On top of the latest interest rate rise and without any widespread community debate, Australia is heading towards intensifying the sufferings of the vast numbers under mortgage stress.

And to compound the suffering, the powers of the ACCC’s chair Gina Cass-Gottlieb are set to be slashed to enable large transport cartels to be established and independent truckies destroyed.

Australia is being insulated from this crisis by seven national heroes — the independents in the Senate — who are preventing the passage of the 784 page “Albanese” industrial relations legislation.

Today I return to the subject to describe the untenable position of Treasurer Jim Chalmers because the people in his electorate of Rankin in Queensland will be among the worst sufferers if any two of the independents buckle.

Chalmers should be dreading the prospect that sometime in 2024 he will have to tell his Queensland electorate the horrible truth of what is going to hit them.

He is no fool and he must be aware what could be ahead.

And the new blows are set to be so severe on a large percentage of his electorate that there will be community revolts that are likely to be so widespread and intense that it will be impossible to use interest rates to curb inflation.

That’s what happened in Argentina many years ago.

These are extreme words, but they are justified.

My job is to alert the community in advance to prevent it happening.

Rankin has affluent people in its community, but is dominated by mainstream Australians with more than 65 per cent of them voting No in the recent referendum.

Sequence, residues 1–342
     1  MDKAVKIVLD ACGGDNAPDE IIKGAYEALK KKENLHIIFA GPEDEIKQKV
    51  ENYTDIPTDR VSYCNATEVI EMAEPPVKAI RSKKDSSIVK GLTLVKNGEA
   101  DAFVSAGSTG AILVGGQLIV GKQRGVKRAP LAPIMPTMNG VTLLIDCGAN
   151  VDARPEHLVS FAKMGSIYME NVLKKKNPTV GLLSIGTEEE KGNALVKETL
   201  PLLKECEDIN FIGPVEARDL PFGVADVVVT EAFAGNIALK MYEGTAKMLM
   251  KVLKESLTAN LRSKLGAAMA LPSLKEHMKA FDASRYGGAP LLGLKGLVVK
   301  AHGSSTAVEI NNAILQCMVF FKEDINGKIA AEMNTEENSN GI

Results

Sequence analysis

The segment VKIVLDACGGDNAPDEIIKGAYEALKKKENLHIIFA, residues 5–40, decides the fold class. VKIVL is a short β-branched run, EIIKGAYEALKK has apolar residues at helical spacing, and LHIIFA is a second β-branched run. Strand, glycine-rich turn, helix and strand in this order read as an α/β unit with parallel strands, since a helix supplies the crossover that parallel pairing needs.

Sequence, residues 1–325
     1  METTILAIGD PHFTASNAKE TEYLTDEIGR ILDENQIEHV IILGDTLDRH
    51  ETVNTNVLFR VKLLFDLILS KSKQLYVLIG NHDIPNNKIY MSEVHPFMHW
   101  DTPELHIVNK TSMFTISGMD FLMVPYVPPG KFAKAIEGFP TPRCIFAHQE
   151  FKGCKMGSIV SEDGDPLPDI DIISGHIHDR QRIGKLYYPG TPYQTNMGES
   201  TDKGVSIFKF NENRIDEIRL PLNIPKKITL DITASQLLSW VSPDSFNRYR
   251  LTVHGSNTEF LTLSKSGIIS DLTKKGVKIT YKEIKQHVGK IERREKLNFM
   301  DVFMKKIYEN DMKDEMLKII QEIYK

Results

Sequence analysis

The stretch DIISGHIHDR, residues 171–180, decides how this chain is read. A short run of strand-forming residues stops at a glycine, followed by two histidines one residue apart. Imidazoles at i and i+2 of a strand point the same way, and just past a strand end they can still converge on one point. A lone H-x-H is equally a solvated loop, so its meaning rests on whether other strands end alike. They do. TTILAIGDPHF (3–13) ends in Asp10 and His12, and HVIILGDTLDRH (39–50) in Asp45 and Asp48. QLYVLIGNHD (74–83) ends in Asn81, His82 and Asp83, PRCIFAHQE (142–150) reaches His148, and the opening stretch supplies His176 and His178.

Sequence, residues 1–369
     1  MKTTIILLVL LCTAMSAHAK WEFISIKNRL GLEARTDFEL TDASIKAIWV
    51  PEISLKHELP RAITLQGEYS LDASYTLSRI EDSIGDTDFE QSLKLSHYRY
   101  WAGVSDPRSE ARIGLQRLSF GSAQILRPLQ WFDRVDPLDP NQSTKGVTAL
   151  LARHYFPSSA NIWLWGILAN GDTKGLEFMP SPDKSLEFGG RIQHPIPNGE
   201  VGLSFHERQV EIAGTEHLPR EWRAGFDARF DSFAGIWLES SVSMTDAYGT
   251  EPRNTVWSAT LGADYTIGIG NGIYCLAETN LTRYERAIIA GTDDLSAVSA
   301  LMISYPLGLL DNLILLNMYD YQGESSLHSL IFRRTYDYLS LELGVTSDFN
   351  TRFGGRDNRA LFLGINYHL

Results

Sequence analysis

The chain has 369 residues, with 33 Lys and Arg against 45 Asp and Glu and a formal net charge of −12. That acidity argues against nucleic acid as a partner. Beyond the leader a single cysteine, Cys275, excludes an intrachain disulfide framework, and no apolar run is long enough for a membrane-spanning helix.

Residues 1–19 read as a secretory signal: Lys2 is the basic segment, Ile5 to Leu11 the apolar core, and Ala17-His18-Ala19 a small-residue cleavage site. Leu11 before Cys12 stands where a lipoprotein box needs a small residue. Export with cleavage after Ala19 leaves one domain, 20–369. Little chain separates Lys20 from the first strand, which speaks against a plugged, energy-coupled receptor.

Chalmers obviously knows his electorate is dominated by people who are suffering because their base income is not matching their mortgage interest payments.

But they do not want to lose their homes and, sometimes with bank help, they are bridging the gap using the gig economy and benefiting from the 25 per cent premium entitlement if they work on a casual basis rather than being full or part-time employees.

And, as they see it, thanks to Chalmers, there are plenty of jobs.

Higher interest rates are not the only looming crisis for Chalmers in Rankin.

Rankin, which includes the suburb of Logan, is a wonderful place to base small independent trucking businesses.

If Chalmers mixed with the Logan truckies, he would know their flexibility and price competitiveness often outflanks the majors who are becoming very annoyed.

But Australia benefits from independent truckies’ low costs and most truckies are doing well. The small truckies love their trucks and are among the safest operators in the country.

And they know they have the protection of Ms Cass-Gottlieb should the majors use underhand illegal tactics to beat them.

Cass-Gottlieb is their hero for taking on the might of Qantas.

But the industrial relations bill ruthlessly strips away the ACCC’s powers to protect truckies and exposes them to a body to be set with the power to destroy them.

It can force them to sell their homes because the dwellings are part of the security for the bank loan financing the truck.